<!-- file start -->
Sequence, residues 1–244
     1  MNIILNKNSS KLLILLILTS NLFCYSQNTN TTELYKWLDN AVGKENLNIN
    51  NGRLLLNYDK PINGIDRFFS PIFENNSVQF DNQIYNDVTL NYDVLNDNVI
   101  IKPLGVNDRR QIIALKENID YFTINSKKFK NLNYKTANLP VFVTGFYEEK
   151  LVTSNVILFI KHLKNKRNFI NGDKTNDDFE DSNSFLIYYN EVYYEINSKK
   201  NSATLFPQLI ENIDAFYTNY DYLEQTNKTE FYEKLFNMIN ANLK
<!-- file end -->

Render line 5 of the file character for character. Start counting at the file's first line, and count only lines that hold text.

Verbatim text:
   151  LVTSNVILFI KHLKNKRNFI NGDKTNDDFE DSNSFLIYYN EVYYEINSKK